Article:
Friday, June 22, 2012

Blue in the Face

I know most of us have used the expression "I talked until I was blue in the face." I really try not to do this often and only in cases where it is really important.

I have been in a situation for years now where I have tried to get someone to understand a situation. Off and on for about 10 years to be exact. Finally, I  have come to the conclusion that:
a. The person hears and simply does not care.
b. The person honestly can't grasp the situation.
c. The person thinks that if he/she does not acknowledge the situation, it will cease to exist.
d. The person has an extraordinary ability to ignore physical evidence.

Blue is not my color.

And I am tired.


Thursday, June 21, 2012

Overload

I love Edvard Munch. His simple, expressive "Scream" painting say it all some days.

This week has been one of those weeks where it seems that I have just had too many things (words, problems, situations, ideas, etc.) thrown at me in rapid succession.

The problem? I just can't seem to take it all in as fast as I used to be able to. I don't know if it is just age, fatigue, or what. Due to many factors, I don't sleep as well as I would like to. I know lack of sleep tends make me feel "dull."

I am pondering as to whether or not I need to step down from some obligations (NOT my watercolor classes at the Senior Center!) and let younger, more energetic people handle them. Unfortunately, these same folks tend to lack the time to follow through and maintain things.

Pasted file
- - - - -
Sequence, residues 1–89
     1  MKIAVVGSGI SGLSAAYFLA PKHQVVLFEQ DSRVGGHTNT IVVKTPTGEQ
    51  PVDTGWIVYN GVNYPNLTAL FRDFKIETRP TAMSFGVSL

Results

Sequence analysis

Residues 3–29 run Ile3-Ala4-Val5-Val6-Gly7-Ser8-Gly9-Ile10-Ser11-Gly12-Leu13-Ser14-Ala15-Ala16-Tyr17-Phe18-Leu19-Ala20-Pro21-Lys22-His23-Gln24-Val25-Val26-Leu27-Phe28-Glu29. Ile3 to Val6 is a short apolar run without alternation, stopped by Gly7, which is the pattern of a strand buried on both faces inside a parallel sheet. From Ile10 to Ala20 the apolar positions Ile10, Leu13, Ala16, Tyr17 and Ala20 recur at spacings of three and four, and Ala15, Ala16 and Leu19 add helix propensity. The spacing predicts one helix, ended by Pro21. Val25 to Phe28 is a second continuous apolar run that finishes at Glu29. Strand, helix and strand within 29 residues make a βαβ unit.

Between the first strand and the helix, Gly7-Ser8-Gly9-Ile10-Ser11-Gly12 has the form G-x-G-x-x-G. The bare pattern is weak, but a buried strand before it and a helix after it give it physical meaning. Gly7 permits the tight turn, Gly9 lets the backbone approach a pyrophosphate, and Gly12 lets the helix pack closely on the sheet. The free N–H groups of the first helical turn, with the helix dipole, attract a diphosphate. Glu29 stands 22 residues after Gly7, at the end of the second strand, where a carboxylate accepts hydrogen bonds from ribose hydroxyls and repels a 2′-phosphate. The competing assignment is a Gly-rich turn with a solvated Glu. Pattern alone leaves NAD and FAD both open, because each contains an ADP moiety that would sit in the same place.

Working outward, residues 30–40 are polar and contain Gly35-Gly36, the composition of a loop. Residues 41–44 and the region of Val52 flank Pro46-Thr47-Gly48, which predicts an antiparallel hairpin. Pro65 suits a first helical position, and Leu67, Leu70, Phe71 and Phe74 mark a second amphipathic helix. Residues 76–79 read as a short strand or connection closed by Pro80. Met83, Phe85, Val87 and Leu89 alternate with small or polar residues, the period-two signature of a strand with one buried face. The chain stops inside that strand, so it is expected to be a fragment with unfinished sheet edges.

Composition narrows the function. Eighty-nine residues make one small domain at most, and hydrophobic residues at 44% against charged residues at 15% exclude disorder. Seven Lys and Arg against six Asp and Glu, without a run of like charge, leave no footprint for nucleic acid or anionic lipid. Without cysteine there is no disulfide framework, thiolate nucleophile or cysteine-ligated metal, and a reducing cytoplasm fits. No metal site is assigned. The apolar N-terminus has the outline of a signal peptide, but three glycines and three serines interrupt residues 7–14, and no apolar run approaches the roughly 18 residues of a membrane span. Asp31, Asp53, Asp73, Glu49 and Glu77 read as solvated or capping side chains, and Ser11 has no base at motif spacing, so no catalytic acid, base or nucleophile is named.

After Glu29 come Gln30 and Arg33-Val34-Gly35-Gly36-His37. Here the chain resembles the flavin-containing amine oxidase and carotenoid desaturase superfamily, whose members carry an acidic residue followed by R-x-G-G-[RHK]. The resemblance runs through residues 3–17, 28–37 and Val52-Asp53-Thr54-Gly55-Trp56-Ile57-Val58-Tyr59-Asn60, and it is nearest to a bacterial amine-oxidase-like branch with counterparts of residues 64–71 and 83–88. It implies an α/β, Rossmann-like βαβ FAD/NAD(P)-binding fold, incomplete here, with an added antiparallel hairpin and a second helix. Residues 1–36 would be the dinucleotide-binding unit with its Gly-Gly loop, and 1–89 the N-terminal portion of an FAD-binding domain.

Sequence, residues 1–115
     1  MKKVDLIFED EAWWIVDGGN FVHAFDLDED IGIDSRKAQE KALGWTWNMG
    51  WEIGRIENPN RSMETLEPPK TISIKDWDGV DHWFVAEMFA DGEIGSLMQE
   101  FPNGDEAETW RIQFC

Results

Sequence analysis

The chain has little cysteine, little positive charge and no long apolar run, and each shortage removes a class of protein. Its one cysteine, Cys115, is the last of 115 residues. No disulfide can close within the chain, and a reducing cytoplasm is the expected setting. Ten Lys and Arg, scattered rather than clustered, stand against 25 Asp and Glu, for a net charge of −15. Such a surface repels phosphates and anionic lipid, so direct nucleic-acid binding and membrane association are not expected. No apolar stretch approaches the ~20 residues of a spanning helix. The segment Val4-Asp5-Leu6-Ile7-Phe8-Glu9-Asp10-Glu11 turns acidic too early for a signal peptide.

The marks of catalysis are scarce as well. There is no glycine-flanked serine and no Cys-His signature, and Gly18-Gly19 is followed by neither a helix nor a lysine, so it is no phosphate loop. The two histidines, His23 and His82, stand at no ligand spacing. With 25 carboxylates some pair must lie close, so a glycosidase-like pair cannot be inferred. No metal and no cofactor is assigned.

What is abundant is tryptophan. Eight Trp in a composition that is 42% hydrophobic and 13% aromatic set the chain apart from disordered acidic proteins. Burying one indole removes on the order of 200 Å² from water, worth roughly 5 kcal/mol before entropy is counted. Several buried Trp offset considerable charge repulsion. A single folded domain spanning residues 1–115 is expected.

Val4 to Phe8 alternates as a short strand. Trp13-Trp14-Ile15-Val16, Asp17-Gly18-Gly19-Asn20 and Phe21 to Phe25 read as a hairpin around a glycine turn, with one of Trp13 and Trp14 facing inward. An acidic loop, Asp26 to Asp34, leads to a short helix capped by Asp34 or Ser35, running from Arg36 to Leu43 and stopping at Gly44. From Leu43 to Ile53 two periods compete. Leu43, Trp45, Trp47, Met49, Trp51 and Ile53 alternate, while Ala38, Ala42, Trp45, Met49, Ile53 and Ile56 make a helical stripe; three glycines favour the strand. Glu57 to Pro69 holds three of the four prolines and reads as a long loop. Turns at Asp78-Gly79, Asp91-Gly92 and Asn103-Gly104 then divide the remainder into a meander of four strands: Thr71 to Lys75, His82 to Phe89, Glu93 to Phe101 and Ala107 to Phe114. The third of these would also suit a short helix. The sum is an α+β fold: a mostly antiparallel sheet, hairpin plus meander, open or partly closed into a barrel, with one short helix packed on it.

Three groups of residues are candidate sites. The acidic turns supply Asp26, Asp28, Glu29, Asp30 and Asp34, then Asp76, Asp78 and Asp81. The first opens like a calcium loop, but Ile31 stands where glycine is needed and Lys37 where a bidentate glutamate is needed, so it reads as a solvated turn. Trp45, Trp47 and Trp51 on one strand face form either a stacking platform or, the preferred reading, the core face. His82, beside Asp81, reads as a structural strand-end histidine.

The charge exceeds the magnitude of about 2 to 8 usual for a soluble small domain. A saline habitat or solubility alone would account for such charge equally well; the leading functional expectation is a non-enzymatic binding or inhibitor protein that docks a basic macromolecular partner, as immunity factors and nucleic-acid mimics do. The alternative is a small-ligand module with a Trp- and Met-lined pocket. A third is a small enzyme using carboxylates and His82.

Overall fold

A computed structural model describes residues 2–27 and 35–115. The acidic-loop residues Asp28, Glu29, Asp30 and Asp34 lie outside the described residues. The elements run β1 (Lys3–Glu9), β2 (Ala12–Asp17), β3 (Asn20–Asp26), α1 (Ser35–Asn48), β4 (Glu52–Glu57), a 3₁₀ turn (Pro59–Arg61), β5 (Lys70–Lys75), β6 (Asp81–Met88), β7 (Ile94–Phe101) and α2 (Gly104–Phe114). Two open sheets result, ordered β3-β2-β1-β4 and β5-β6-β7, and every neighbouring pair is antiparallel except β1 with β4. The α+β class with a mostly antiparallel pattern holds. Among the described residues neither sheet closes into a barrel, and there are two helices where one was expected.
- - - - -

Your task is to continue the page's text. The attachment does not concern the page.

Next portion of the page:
For the time being, I guess I will just scream silently and hope things settle down soon.

Saturday, June 16, 2012

Father's Day 2012



Tomorrow will be my first Father's Day without my Daddy. And it is hard to believe he has been in Heaven for six months already. 


Tomorrow, the newly added handicapped restroom at Yokena Presbyterian Church will be dedicated in Daddy's memory. Now I know that some will see this as perhaps undignified, but I see it as perfect. 


Because of treatments for his prostate cancer, and following the removal of a sizable portion of his colon, Daddy always knew where every restroom was in every store, restaurant, and gas station. And, as he was an extremely practical soul, he would heartily approve of the memorials given to him be used for the purpose of a more accesible restroom. 


Daddy loved Yokena Presbyterian Church. When asked during Sunday School class one day what he thought would happen after he died, Daddy made the following quip.


"I'm not worried about it. I am going to be a little angel with wings floating around everwhere, checking on the Sunday School class." 


Tomorrow, I think he will be watching from Heaven. And beaming with pride. 



Tuesday, June 12, 2012

Singing

Lately, I have found myself singing around the house again. For the longest time, even though I love to sing, I didn't do this. There just did not seem to be any point. I wasn't going to be singing a solo anytime soon. Why keep in shape? 


But since I have been really using my voice on a regular basis (not just holding back and trying to blend) I find that I am getting back notes and a degree of breath control I thought I had lost. And what a joy this is! 


Next Sunday, I will sing at Yokena Presbyterian Church. In July, I will be singing at First United Methodist Church in Clinton. Then I am off to Hermanville, MS for two Sundays. And, of course, I hope to make a stop a Truly Ministries during this time as well. I am grateful to them forever for allowing me to spread my wings and get back what I thought might be gone forever.